After a couple of quiet years the annual Guelph Festival (GJF), September 13 to 17, is newly energized and asserting its role as one of Canada’s most consistent showcases of adventurous music. Another reason for this year’s buzz is that besides the outstanding Canadian and American musicians consistently featured at the GJF, major European improvisers will be on hand as well.
Probably the band members most equipped to show off their individual and cumulative talents in different settings are trombonist Ray Anderson and bassist Mark Helias, who both live near New York City, and fellow American, drummer Gerry Hemingway who lives and teaches in Luzern, Switzerland. Together they make up BassDrumBone (BDB), which celebrates its 40th anniversary on September 16 as part of a double bill with Montreal-Vancouver quartet MendHam at the Co-operators Hall of the River Run Centre (RRC). On September 15 Anderson’s Pocket Brass Band will be the closing act at the Market Square Stage. Then, on September 17 at the Guelph Youth Music Centre, Hemingway, in duet with German synthesizer player Thomas Lehn, shares a bill with a solo bass recital by Helias.
The two-CD set, The Long Road (Auricle Records AUR 16/17 gerryhemingway.com), offers 13 examples of BassDrumBone’s cooperative talent, mostly as a trio, but like a roast improved with seasoning, adding either tenor saxophonist Joe Lovano or pianist Jason Moran on some tracks. Lovano’s expositions, which function with explosive power on BluRay and Bluish, confirm the rhythmic sides of BDB as the saxophonist’s reed vaulting doubles the trombonist’s gutbucket whinnies. Vigorously backed by slap bass and drum rolls, the tunes demonstrate how to swing heartily without abandoning technical skills, and also suggest how Anderson’s rollicking brass ensemble operates. Moran’s targeted keyboard musings help showcase BDB’s other skills as the four dynamically invest Bungle Low and Tone L with subtle colouration, balancing among individual timbral elaboration, as they take turns shadowing each others’ advances. Solidly walking or subtly vibrating throughout, Different Cities confirms how Helias sounds on his own, with the bassist given space to thrust an opulent section of arco expressions on multiple strings into the mix, finally engaging in a dialogue with the trombonist’s vocalized cries. BDB’s ability to disguise itself as a carefree jump band is given full reign on the set’s two extended live tracks as well as At Another Time. Not only does the last allow Anderson to showcase every manner of smeared and slurred tailgate tones, but Hemingway moves upfront with a spectacular display of cymbal clanks and paradiddles, reminiscent of drum masters from pioneers like Baby Dodds to the most modern stylists.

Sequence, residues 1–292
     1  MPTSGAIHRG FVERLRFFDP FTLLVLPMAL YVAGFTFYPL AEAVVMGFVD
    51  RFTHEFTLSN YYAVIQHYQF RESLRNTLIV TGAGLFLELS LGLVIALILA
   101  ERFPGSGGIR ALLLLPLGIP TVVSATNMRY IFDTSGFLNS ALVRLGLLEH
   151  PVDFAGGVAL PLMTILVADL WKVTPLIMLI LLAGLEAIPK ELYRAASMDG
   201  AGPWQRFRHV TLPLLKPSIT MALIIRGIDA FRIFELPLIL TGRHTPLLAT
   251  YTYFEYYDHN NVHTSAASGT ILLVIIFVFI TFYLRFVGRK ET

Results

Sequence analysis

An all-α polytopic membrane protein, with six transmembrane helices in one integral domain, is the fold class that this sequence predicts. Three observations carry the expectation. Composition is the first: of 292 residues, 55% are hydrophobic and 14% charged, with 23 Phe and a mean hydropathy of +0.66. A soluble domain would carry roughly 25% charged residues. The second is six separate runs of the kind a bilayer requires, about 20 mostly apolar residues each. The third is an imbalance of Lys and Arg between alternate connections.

A saxophonist undeniably in tune with modern sound experiments is London-based John Butcher, who has partnered Hemingway in the past. He won’t do so at the GJF, although two other instances of his musicianship are featured. On September 15, he’ll perform with Lehn and New York pianist Matthew Shipp at the Co-operators Hall on a bill with Vancouver cellist Peggy Lee’s Film in Music. Then on September 16 at the Guelph Little Theatre, Butcher and FIM members, bassist Torsten Müller and drummer Dylan van der Schyff perform as the Way Out Northwest trio, sharing the stage with Quebec guitarist René Lussier’s MEUH.
An expanded variant of Butcher’s interactive and interpretative talent is Anemone – A Wing Dissolved in Light (NoBusiness Records NBLP 105 nobusinessrecords.com), where the saxophonist is part of the band Anemone joined by bassist Clayton Thomas and drummer Paul Lovens, pianist Frédéric Blondy and trumpeter Peter Evans. Challenging Evans’ ability to attain Maynard Ferguson-like skyscraping notes, Butcher may begin his exposition with emotional cries, but moderates the interaction to harsh slurs and stuttering signs, also connecting to Blondy’s distinctive key jabbing. Meanwhile, Thomas’ string buzzes, and the metal clangs and Mylar echoes from Lovens comfortably carpet the narratives’ bottoms. Une Aile Dissoute dans la Lumiere (Part II) is a more deliberate showcase as the final sequence breaks free from Part I’s swirling cacophony. Brief reductionist solos that include a single stopped piano key, an oboe-like sour reed blat and a wooden drum plop, are emphasized. Finally, hollow reverberations from the drummer, hunt-and-peck keyboard patterns and even to-the-colours bugle-like peeps from the trumpeter combine into a languid exit. Still, a sharp whistle from the saxophonist and a hard chord from the pianist as the coda reference the dissonance that preceded the calm.